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Paradigms Page 1


1. Paradigms are model patterns for the various word-classes. You should try to learn the OE paradigms indicated here, according to a sequence given you by your lecturer/tutor. Such learning can seem very tedious; however, in the long run, it will save you the effort of scrabbling through this Grammar for every form of words or word-classes which appear frequently. The Paradigms given here are not exhaustive, and you will need to refer to the Glossary for further information.

2. Nouns Most PDE nouns have a very simple paradigm, taking account of number and genitive (or 'possessive') case: PIG : PIG'S : PIGS : PIGS'. OE nouns are similar, but have to take account not only of a more complex case-system but also of 'grammatical' gender. Moreover, you are probably aware of some irregular sequences in PDE: CHILD : CHILD'S : CHILDREN : CHILDREN'S, MOUSE : MOUSE'S : MICE : MICE'S. These 'irregularities' go back to OE times, and were rather more widespread then.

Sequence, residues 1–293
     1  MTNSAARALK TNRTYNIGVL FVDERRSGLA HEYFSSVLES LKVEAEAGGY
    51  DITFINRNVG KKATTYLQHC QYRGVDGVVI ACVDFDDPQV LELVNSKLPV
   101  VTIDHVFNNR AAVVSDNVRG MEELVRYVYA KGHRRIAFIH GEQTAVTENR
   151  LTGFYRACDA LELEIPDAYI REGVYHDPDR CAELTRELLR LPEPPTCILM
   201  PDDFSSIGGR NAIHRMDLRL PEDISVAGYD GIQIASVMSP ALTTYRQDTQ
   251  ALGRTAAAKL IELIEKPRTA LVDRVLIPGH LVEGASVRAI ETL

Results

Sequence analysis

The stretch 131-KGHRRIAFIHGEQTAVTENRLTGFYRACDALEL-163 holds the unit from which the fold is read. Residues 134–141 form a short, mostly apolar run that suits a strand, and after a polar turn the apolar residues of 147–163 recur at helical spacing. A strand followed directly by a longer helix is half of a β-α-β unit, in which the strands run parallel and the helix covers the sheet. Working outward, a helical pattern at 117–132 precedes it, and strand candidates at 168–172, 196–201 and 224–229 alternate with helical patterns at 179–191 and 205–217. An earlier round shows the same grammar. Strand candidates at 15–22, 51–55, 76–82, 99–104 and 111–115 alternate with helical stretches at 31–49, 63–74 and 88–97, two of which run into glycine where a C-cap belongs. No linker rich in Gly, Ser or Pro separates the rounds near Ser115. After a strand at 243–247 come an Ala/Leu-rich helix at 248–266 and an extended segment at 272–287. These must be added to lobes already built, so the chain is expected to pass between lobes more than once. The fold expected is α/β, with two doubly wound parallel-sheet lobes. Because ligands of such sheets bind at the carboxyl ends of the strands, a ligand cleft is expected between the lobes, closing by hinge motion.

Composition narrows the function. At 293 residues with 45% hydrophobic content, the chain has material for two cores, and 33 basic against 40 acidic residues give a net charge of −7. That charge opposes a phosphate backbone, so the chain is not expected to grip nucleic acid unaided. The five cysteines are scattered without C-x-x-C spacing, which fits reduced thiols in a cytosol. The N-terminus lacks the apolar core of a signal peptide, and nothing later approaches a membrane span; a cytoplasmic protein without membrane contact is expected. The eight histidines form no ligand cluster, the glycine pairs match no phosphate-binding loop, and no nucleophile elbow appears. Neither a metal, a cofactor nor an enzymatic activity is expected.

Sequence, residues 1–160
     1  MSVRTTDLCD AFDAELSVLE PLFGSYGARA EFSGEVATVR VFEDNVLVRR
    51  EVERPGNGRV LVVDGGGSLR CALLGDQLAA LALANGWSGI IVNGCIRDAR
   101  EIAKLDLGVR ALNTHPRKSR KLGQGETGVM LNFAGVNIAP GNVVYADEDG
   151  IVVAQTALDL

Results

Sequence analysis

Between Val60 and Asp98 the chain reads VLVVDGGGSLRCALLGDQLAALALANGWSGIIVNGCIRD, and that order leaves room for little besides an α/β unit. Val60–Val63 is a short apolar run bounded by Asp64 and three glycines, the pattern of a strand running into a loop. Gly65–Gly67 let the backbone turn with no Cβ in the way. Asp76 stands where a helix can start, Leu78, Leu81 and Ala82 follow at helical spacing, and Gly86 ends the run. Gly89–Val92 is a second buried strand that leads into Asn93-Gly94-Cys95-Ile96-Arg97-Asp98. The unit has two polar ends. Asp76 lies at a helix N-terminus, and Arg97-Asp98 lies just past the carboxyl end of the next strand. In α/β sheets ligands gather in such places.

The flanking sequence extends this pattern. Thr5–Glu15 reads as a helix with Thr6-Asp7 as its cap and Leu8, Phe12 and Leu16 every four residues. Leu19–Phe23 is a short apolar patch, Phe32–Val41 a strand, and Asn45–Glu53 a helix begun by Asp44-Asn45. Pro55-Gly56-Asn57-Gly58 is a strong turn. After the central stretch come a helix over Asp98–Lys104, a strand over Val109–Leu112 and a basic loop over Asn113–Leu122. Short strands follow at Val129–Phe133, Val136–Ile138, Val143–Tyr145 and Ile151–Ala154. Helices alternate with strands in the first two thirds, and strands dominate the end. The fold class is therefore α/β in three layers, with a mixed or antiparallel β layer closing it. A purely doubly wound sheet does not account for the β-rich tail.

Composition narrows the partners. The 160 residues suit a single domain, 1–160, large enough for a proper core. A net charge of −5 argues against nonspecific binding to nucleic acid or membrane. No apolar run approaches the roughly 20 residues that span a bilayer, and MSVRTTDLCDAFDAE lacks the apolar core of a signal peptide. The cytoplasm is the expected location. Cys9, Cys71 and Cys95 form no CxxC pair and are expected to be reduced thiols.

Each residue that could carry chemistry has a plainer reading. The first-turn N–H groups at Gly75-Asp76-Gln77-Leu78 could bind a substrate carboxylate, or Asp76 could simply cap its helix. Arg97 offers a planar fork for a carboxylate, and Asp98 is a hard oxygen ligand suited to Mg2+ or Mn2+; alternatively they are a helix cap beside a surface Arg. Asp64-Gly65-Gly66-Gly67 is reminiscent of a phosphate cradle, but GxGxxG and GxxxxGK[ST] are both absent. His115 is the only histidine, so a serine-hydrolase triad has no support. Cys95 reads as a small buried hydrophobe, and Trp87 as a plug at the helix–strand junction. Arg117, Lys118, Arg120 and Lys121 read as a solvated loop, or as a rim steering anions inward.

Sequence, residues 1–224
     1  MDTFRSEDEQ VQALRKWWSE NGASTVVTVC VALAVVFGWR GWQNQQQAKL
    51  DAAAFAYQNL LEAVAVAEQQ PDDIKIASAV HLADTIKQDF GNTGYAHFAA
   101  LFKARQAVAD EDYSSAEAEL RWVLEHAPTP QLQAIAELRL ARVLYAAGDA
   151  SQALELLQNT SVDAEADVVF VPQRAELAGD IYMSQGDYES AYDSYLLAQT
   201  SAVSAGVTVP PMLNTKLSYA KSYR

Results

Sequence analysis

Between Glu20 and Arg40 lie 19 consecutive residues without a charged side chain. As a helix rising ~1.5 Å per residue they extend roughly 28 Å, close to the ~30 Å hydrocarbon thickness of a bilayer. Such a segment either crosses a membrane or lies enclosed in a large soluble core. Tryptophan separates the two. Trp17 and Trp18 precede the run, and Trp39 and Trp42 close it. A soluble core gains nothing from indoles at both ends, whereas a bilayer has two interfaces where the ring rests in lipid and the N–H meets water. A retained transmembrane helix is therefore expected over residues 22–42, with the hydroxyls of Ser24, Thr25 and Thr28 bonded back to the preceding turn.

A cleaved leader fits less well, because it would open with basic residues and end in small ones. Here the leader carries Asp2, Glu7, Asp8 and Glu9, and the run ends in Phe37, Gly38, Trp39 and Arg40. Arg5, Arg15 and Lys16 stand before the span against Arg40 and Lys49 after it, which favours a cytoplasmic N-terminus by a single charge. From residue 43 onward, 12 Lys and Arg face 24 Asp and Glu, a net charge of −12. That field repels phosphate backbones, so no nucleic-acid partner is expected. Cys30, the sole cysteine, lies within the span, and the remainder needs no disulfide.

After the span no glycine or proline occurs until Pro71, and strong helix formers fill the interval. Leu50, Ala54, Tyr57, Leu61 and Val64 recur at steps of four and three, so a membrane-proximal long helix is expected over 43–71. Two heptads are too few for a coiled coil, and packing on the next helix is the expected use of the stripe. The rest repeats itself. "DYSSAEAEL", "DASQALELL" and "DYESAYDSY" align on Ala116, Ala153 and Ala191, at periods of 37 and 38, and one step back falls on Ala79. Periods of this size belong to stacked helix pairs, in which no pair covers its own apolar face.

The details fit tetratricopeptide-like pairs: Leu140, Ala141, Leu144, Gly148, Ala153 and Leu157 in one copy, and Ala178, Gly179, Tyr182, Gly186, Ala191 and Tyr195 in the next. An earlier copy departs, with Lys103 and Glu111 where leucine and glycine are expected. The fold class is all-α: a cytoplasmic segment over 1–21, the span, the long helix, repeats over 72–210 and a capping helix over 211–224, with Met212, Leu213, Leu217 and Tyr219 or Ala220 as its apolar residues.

3. OE nouns can be classified into five groups, or declensions. (The act of reciting noun-paradigms is called 'declining'; you may be asked to 'decline' a noun.) In decreasing order of frequency of occurrence in OE, these declensions are:

(1) General Masculine Declension
(2) General Feminine Declension
(3) General Neuter Declension
(4) the -an Declension
(5) Irregular Declensions

For reasons which we do not need to discuss at this stage, Declensions 1 - 3 are often referred to as 'Strong' Declensions, whereas Declension 4 is often called the 'Weak' Declension. (The terms 'strong' and 'weak' are unfortunate, given their use with regard to adjectives and verbs; they are used here because you will come across them in more advanced books.)


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